Automakers and electronics industry halt production again due to lack of parts

Jun, 24, 2022 Posted by Gabriel Malheiros

Week 202225

In the wake of lockdowns in China that raised supply difficulties in the industry, factories of the three largest automakers in Brazil – Fiat, Volkswagen, and General Motors (GM) – are shutting down again due to the lack of electronic components. The problem also affects the electronics industry, where the total number of factories with production delays or halted operations is the highest since the beginning of the semiconductor crisis.

The two industries have been facing a succession of obstacles to maintaining lines running without interruption, such as the war between Russia and Ukraine, from which many inputs used in chip production come. Another example is the work-to-rule campaign spearheaded by federal agents, which has delayed cargo clearance at customs.

With China’s pledge to zero cases of covid, the scenario has grown more difficult, as ship congestion induced by the Asian country’s port closures decreased the availability of containers and vessels available for the transit of commodities.

Fiat, a Stellantis group brand, will not produce automobiles in Betim for the next ten days since the Minas Gerais facility does not have enough parts to continue operations. Tomorrow, the employees of the automobile production lines will take their first vacation of the year. Fiat’s vacation for employees in the engine and transmission lines began on Monday, 20.

As last month, Volkswagen will again stop production in São Bernardo do Campo, in São Paulo’s ABC region, from Monday – this time for ten days. According to the ABC Metalworkers Union, workers return on July 7 with a 24% reduced working day (one day less per week) and a 12% cut in wages.

According to information from unions, GM, which on Tuesday, 21, no longer produced the Onix in Gravataí (RS), will also interrupt operations this Wednesday, 22, and Friday activities in the São José dos Campos factory line ( SP) where TrailBlazer SUV and the S10 pickup are mounted.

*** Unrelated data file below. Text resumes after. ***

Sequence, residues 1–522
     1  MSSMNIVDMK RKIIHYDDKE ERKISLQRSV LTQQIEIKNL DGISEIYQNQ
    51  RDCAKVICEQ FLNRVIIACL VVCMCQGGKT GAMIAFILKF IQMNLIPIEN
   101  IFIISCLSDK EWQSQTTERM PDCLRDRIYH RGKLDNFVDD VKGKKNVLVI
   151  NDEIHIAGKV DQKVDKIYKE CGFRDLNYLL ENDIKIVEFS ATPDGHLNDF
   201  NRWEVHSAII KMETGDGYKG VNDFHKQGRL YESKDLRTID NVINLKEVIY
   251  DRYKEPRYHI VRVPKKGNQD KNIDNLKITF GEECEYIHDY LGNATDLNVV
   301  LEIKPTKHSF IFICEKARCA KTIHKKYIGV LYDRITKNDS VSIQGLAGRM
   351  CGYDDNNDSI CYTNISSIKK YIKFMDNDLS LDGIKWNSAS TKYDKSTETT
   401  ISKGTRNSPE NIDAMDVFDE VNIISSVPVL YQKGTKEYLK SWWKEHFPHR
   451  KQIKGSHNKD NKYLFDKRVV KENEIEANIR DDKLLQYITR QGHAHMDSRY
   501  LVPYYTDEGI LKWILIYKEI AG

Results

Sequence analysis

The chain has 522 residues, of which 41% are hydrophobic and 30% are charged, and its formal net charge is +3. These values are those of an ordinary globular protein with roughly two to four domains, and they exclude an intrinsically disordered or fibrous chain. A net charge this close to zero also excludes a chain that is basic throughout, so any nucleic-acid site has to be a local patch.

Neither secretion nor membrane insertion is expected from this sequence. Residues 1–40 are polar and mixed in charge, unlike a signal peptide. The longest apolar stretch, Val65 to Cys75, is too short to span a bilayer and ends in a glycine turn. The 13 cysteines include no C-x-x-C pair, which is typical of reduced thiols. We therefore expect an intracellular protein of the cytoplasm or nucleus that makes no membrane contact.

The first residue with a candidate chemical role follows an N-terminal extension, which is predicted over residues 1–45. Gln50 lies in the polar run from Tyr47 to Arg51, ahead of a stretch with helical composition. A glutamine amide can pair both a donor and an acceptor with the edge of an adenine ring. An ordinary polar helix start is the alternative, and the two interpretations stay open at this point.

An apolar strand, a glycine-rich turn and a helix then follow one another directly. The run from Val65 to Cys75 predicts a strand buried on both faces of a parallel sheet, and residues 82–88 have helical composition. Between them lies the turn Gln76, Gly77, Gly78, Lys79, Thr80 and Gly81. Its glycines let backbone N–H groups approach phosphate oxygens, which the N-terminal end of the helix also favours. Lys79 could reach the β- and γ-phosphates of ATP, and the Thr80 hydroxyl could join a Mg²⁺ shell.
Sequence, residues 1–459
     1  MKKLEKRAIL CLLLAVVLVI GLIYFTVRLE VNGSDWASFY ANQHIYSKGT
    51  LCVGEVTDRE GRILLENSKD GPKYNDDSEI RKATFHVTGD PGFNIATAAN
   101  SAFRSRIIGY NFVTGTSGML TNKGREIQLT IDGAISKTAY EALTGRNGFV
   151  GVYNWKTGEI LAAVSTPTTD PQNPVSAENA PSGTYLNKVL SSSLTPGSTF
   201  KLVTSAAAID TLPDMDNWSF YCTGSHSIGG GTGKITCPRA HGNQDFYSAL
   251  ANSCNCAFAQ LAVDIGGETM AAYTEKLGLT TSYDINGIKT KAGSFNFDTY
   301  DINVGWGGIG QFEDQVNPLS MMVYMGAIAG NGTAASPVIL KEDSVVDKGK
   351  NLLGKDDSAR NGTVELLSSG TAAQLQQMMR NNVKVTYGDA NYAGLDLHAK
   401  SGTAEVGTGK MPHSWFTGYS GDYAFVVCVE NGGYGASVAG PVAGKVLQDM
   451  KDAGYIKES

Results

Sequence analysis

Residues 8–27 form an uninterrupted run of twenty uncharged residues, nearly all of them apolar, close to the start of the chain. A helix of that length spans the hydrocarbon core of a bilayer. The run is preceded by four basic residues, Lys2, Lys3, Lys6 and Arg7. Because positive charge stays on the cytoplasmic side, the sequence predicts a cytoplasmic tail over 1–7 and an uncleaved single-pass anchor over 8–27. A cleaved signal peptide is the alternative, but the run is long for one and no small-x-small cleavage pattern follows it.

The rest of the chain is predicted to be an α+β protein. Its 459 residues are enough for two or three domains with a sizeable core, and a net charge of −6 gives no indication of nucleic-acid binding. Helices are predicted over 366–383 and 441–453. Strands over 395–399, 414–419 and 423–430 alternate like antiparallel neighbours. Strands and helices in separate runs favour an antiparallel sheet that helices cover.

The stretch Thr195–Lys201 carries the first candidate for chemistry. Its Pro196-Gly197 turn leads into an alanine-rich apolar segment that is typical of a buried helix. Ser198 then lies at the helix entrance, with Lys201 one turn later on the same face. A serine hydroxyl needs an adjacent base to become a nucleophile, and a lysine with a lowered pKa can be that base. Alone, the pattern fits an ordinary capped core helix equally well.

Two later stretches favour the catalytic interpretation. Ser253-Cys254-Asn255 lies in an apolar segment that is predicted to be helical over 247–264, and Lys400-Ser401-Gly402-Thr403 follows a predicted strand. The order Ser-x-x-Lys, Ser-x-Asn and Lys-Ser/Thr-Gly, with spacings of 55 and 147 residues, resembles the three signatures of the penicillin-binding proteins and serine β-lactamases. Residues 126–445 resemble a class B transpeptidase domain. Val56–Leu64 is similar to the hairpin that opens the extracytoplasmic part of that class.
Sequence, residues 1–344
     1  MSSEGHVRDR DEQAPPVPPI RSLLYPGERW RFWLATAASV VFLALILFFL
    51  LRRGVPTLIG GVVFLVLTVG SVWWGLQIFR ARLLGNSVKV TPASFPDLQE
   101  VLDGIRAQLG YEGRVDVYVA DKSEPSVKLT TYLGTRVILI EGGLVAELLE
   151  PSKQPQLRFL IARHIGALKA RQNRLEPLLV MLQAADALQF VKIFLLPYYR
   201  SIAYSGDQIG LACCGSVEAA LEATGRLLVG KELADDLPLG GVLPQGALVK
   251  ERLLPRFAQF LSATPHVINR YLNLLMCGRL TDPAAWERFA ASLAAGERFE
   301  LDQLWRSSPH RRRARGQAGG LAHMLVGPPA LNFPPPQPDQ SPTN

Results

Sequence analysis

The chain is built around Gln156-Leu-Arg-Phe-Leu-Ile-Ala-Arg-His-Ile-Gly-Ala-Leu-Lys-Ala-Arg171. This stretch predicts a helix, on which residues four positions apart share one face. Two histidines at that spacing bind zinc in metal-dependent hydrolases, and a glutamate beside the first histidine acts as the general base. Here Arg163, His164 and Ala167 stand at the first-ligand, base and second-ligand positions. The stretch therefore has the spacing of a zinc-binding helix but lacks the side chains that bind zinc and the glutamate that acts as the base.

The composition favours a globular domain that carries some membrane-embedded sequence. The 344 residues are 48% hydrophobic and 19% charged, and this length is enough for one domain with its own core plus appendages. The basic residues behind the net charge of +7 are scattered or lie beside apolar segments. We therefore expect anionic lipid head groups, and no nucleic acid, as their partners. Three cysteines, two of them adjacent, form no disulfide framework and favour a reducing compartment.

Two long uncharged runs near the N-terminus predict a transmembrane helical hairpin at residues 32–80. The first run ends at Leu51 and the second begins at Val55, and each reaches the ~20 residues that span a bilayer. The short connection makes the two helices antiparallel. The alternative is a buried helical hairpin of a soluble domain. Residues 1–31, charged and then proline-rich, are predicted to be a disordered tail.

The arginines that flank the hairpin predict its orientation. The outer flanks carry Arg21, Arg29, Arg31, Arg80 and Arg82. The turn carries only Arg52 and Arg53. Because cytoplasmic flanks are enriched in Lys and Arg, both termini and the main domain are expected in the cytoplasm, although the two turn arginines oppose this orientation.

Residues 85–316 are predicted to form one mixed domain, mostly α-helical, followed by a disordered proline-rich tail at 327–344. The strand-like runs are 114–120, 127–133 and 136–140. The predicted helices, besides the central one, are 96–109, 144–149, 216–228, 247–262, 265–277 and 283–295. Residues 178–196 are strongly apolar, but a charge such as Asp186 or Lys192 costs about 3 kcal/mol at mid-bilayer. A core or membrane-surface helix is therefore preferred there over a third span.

Production losses

Since the beginning of the pandemic, the Brazilian industry has stopped producing about 1.6 million vehicles. In the first year of the health crisis alone, 1.14 million units were lost, according to National Association of Motor Vehicle Manufacturers (Anfavea) calculations.

That year, all automakers in the country halted operations for several weeks to avoid the spread of covid. When enterprises were already running normally in 2021, a lack of components halted manufacturing, and approximately 370 thousand automobiles were not produced. General Motors had the Gravataí (SP) facility closed for over five months.

Until May this year, according to Anfavea, there were 16 industrial shutdowns, corresponding to 331 idle days (an average of 20 days per factory). During this time, 150,000 automobiles were not manufactured. When the pandemic hit in March 2020, the sector employed 107,000 people. There are 101,800 fewer today, a decrease of 5,200.

Consultant Cássio Pagliarini from Bright Consulting assesses that if the Brazilian market had maintained the growth rate registered between 2016 and 2019, in the range of 9% to 10% per year, today’s domestic sales would be close to 3.3 million units. However, Anfavea’s forecast points to a  maximum of 2.3 million units, which can still be revised.

The new stoppages follow the car industry’s rebound in the last two months, particularly in May, when automakers saw the strongest production of the year.

With the positive performance and relaxation of restrictions in Shanghai, where the world’s largest port operates, the direction of Anfavea, an entity that represents the vehicle industry, evaluated that the supply of electronic components, which has been the sector’s main bottleneck, has gradually become less critical.

Since then, however, the lack of parts has continued forcing downtime, reinforcing that the problem is far from over.

Apart from a still-confident minority, practically all entrepreneurs in the electronics sector do not expect the normalization of supply by the end of the year. According to a poll conducted by Abinee, an industry representative, 57 percent of firms producing items such as cell phones, notebook computers, and televisions had production disrupted in some way last month due to a lack of electronic components.

The percentage of companies reporting delays or partial production stoppages was the highest since the study began tracking the effects of the global chip shortage in the electronics industry in February last year.

Three out of four factories that depend on semiconductors continue to face difficulties locating the input on the market. As a result, many have sought alternative suppliers, paid higher prices, and renegotiated delivery times with customers, among other measures, to get around the situation.

Source: A Tribuna

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